Theory Play Share & Discuss

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Teach Early Astronomical Theories
with Odyssey

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Theory

Early Astronomical Theories

This lesson has you continue playing Odyssey and takes a look at some of the concepts featured in the game.

Teacher Resources

This lesson has the students continue playing Odyssey. Additionally, this lesson also provides additional sources on the concepts featured in the game: the next slide provides these sources.

Content list:

  • Theory: This lesson has the students continue playing Odyssey and looks as the early history of astronomy and theories that have become myths.
  • Tasks: The students play the game, reading and solving the astronomy-themed puzzles.
  • Share & Discuss: These tasks focus on the early history of astronomy, such as Sun creation myths and ancient philosophers.

Early Astronomical Concepts

  • Constellations are groupings of stars
  • Polaris is the North Star, and the Big Dipper points towards it
  • The Flat Earth Theory posits that the Earth (or even the whole world) is flat
  • Myths of the Sun have been common in many civilizations, perhaps most notably in Latin America
  • Anaximander was a pre-Socratic Greek philosopher

Cosmic 'winter' wonderland.

Teacher Resources

Play

Lesson Goal

Play Odyssey! Remember to read the journal to understand how to solve each puzzle.
Remember also to check your inventory if you are stuck.

Teacher Resources

Now is the time to get acquainted with Odyssey.

If the students have trouble solving some of the puzzles, you can help them or suggest that they read the journal again (by pressing space and clicking on the journal). Occasionally, the students will also need to use the pickaxe (found early on) to break objects.

Students having trouble? Click here to download the solutions to the puzzles!

How to Play

To begin playing, click on New Game.

To continue a previous game, click on Continue.

Gameplay screenshot

Share & Discuss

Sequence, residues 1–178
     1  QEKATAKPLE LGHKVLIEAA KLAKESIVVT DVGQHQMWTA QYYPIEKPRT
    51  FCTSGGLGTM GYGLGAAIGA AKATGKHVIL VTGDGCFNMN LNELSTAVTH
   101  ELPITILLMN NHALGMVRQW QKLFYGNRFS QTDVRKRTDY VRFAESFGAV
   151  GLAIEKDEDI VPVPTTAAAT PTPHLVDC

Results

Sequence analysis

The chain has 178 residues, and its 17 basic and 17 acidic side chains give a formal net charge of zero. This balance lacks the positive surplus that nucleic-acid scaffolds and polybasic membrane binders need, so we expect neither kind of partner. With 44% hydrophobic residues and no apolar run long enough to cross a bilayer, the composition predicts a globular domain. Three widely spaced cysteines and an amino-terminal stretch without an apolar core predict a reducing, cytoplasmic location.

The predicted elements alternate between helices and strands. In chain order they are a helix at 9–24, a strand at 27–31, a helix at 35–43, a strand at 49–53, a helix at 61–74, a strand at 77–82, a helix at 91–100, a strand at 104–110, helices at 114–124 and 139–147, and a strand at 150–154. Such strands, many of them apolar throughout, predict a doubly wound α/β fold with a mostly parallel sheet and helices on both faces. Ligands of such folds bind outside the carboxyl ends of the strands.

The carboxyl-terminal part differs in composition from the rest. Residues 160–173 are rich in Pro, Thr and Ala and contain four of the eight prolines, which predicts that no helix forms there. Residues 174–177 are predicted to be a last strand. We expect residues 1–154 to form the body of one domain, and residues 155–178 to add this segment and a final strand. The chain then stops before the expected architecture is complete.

Share & Discuss

  • How far along did you get?
  • Did you have any problems with a specific puzzle? Which one?
  • Did you get stuck at any puzzle? Which one?
  • What do you think of the journals?

Teacher Resources

These questions are meant to get the students to open up and start a discussion. The answers do not matter as much as the fact that they are talking: the next slide provides opportunities for evaluation and should be more strictly observed. If it turns out that some of the students got stuck at some puzzle, you may also use this moment to show (or have one of the students show) the solution to the puzzle and go through it together. Alternatively, you can let the students try solving that puzzle during the next lesson.

Tasks after Playing

  • Recount a Sun creation myth. Whose myth is it?
Show Notes

Any of the these myths will do: Aztec and various others.

  • What is a constellation? Why are constellations relevant to astronomy?
Show Notes

Constellations are groupings of stars that are extremely far away from Earth (typically hundreds or thousands of light years) which means that their relative positions do not really change from the point of view of the Earth: Earth itself moves, influencing which constellations are visible. Constellations act as constants (similar to the Sun), making it easier to understand how wandering celestial objects (such as planets) truly work and orbit.

  • Tell something of the thinking of Anaximander.
Show Notes

Here is a good segment on the contributions of Anaximander: “Anaximander was the author of the first surviving lines of Western philosophy. He speculated and argued about "the Boundless" as the origin of all that is. He also worked on the fields of what we now call geography and biology. Moreover, Anaximander was the first speculative astronomer. He originated the world-picture of the open universe, which replaced the closed universe of the celestial vault.” (source)